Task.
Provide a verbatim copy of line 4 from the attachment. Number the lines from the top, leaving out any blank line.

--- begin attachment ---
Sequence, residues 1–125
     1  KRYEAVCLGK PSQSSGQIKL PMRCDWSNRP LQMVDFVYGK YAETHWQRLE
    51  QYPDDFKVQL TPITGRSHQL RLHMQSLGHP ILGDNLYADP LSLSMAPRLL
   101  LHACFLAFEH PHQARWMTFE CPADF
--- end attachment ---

   101  LHACFLAFEH PHQARWMTFE CPADF